[a.d. 130.] The anonymous author of this Epistle gives himself the title (Mathetes) “a disciple 263 of the Apostles,” and I venture to adopt it as his name. It is about all we know of him, and it serves a useful end. I place his letter here, as a sequel to the Clementine Epistle, for several reasons, which I think scholars will approve: (1) It is full of the Pauline spirit, and exhales the same pure and primitive fragrance which is characteristic of Clement. (2) No theory as to its date very much conflicts with that which I adopt, and it is sustained by good authorities. (3) But, as a specimen of the persuasives against Gentilism which early Christians employed in their intercourse with friends who adhered to heathenism, it admirably illustrates the temper prescribed by St. Paul (2 Tim. ii. 24), and not less the peculiar social relations of converts to the Gospel with the more amiable and candid of their personal friends at this early period.
Mathetes was possibly a catechumen of St. Paul or of one of the apostles associates. I assume that his correspondent was the tutor of M. Aurelius. Placed just here, it fills a lacuna in the series, and takes the place of the pseudo (second) Epistle of Clement, which is now relegated to its proper place with the works falsely ascribed to St. Clement.
Altogether, the Epistle is a gem of purest ray; and, while suggesting some difficulties as to interpretation and exposition, it is practically clear as to argument and intent. Mathetes is, perhaps, the first of the apologists.
The following interesting and eloquent Epistle is anonymous, and we have no clue whatever as to its author. For a considerable period after its publication in 1592, it was generally ascribed to Justin Martyr. In recent times Otto has inserted it among the works of that writer, but Semisch and others contend that it cannot possibly be his. In dealing with this question, we depend entirely upon the internal evidence, no statement as to the authorship of the Epistle having descended to us from antiquity. And it can scarcely be denied that the whole tone of the Epistle, as well as special passages which it contains, points to some other writer than Justin. Accordingly, critics are now for the most part agreed that it is not his, and that it must be ascribed to one who lived at a still earlier date in the history of the Church. Several internal arguments have been brought forward in favour of this opinion. Supposing chap. xi. to be genuine, it has been supported by the fact that the writer there styles himself “a disciple of the apostles.” But there is great suspicion that the two concluding chapters are spurious; and even though p. 24 admitted to be genuine, the expression quoted evidently admits of a different explanation from that which implies the writers personal acquaintance with the apostles: it might, indeed, be adopted by one even at the present day. More weight is to be attached to those passages in which the writer speaks of Christianity as still being a new thing in the world. Expressions to this effect occur in several places (chap. i., ii., ix.), and seem to imply that the author lived very little, if at all, after the apostolic age. There is certainly nothing in the Epistle which is inconsistent with this opinion; and we may therefore believe, that in this beautiful composition we possess a genuine production of some apostolic man who lived not later than the beginning of the second century.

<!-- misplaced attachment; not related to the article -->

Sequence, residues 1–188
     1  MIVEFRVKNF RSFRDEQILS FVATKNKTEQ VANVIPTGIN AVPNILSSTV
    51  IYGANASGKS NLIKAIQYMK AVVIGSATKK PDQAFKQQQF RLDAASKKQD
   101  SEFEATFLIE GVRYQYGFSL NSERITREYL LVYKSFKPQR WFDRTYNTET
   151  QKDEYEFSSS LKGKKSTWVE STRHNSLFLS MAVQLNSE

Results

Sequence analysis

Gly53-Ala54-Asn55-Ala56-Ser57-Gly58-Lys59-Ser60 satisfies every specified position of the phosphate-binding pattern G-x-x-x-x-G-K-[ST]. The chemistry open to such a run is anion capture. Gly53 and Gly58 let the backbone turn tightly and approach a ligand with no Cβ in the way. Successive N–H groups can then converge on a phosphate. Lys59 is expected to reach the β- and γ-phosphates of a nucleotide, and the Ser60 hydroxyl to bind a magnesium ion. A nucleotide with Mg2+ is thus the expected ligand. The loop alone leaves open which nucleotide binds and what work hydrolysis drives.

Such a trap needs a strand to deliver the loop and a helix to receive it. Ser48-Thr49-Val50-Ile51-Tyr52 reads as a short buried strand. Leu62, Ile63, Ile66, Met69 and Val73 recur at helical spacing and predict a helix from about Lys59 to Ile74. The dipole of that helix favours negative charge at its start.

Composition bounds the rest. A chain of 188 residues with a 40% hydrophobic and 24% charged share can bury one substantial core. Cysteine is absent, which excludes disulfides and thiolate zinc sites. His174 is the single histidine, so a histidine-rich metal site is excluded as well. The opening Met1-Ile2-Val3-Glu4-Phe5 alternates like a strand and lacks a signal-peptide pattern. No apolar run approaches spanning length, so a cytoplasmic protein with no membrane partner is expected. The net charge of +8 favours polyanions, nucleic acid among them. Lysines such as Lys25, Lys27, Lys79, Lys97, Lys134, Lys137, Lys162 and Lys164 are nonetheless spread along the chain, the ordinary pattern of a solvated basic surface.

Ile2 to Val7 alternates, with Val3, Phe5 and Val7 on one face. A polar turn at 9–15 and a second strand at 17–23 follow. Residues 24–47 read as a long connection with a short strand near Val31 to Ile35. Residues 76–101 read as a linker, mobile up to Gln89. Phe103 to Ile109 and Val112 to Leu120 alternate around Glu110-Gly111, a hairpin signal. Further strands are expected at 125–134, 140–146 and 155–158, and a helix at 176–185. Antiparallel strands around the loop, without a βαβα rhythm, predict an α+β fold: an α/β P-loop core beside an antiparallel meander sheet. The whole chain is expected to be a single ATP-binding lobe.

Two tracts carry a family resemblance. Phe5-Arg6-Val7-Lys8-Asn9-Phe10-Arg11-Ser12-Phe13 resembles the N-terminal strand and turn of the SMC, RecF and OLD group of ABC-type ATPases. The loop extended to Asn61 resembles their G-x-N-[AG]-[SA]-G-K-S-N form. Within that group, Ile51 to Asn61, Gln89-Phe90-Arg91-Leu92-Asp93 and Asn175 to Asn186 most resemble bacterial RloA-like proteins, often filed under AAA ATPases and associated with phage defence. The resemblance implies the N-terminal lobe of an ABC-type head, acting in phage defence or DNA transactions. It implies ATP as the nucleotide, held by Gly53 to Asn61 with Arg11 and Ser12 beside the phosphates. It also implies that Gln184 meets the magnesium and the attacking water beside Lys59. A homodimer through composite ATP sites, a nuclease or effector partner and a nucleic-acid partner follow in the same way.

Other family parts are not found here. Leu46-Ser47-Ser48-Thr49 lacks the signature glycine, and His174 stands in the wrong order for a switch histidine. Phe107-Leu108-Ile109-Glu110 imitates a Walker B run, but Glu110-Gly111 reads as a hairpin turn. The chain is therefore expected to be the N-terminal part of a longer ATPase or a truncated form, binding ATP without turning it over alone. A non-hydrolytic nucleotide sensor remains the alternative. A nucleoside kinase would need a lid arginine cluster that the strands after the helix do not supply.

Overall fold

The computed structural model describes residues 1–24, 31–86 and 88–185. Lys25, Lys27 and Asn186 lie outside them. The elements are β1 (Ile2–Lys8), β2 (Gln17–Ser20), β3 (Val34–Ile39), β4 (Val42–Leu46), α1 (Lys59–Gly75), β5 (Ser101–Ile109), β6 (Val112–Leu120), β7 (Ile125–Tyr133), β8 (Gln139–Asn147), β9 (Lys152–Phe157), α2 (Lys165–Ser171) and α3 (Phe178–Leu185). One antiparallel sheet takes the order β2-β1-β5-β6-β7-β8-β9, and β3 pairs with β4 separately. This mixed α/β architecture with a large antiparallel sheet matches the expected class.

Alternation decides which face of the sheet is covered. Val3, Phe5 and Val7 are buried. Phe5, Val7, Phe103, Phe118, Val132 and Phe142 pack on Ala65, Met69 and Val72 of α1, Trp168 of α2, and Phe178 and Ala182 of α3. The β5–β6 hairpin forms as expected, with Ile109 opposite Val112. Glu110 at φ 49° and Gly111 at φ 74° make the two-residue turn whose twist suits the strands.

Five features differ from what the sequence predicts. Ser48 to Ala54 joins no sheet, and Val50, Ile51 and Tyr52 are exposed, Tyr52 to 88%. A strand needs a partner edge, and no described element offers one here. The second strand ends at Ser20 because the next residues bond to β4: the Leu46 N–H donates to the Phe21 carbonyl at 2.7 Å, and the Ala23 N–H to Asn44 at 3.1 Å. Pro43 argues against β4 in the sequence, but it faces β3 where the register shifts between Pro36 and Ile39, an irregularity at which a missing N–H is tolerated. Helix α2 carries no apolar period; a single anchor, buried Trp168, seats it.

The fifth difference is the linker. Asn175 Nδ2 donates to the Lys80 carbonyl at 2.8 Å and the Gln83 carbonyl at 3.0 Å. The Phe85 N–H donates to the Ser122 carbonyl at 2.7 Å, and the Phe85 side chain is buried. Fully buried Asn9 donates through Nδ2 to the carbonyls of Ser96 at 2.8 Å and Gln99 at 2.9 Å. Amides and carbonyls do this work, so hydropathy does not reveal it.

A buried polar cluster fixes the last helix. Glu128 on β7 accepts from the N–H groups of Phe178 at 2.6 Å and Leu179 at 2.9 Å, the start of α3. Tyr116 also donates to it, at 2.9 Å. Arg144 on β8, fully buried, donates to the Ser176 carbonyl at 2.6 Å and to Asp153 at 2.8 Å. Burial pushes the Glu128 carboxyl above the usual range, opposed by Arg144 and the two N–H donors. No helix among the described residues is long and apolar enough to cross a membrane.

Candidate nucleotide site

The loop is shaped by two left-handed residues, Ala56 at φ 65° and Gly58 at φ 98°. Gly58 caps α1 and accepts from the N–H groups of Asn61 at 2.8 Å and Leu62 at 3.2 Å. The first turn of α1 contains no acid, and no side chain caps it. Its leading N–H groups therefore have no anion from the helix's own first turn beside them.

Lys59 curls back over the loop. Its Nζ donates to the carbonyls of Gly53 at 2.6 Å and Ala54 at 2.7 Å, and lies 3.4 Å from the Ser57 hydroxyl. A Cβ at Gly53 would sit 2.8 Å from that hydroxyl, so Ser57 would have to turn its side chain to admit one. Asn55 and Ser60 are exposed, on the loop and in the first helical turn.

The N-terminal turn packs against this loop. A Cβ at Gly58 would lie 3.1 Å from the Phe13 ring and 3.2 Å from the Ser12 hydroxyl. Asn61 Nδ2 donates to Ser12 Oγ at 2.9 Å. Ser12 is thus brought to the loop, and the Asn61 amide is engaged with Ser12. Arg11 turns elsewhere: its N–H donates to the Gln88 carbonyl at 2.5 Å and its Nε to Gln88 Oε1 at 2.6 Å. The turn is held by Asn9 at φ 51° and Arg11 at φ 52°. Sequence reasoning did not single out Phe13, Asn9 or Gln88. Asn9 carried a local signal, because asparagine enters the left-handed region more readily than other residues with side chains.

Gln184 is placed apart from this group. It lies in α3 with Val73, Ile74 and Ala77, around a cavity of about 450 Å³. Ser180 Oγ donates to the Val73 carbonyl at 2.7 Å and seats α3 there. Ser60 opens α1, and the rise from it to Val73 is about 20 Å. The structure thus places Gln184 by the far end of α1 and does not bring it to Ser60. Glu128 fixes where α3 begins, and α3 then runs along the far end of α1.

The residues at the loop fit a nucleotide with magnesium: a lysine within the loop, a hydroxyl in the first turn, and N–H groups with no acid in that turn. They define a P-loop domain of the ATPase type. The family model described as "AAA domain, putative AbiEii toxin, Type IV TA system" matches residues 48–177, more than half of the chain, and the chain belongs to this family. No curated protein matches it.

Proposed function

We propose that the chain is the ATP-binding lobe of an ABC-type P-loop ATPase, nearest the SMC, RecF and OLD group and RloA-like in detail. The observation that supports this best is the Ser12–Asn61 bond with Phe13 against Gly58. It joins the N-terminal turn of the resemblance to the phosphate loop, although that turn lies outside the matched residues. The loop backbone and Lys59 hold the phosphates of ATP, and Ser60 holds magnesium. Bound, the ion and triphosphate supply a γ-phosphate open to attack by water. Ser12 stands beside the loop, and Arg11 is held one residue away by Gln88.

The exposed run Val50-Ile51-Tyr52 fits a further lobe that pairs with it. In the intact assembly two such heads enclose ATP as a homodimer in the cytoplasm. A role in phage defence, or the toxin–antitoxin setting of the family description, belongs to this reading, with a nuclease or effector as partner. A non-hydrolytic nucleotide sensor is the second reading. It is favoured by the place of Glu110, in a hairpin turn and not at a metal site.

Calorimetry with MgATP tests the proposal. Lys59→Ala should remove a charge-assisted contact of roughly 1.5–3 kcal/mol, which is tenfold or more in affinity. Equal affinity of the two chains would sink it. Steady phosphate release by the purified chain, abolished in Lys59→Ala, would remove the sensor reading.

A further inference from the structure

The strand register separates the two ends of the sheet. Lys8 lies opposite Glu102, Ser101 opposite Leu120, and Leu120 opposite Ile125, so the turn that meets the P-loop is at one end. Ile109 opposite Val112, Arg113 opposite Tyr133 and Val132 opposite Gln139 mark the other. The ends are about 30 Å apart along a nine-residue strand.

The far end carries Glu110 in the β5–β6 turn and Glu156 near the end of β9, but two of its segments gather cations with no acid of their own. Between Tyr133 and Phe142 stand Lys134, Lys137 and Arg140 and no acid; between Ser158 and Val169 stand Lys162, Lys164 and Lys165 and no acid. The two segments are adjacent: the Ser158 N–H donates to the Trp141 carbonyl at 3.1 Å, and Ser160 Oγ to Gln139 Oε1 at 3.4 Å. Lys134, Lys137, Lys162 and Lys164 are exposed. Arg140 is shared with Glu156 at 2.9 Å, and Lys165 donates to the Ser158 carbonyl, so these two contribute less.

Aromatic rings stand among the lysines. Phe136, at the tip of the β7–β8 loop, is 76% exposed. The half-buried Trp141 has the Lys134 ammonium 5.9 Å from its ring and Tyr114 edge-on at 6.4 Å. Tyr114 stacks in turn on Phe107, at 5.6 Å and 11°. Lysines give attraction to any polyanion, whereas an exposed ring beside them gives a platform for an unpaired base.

The names of Clement of Rome and of Apollos have both been suggested as those of the probable author. Such opinions, however, are pure fancies, which it is perhaps impossible to refute, but which rest on nothing more than conjecture. Nor can a single word be said as to the person named Diognetus, to whom the letter is addressed. We must be content to leave both points in hopeless obscurity, and simply accept the Epistle as written by an earnest and intelligent Christian to a sincere inquirer among the Gentiles, towards the close of the apostolic age.
It is much to be regretted that the text is often so very doubtful. Only three mss. of the Epistle, all probably exhibiting the same original text, are known to exist; and in not a few passages the readings are, in consequence, very defective and obscure. But notwithstanding this drawback, and the difficulty of representing the full force and elegance of the original, this Epistle, as now presented to the English reader, can hardly fail to excite both his deepest interest and admiration.
[N.B.—Interesting speculations concerning this precious work may be seen in Bunsens Hippolytus and his Age, vol. i. p. 188. The learned do not seem convinced by this author, but I have adopted his suggestion as to Diognetus the tutor of M. Aurelius.]
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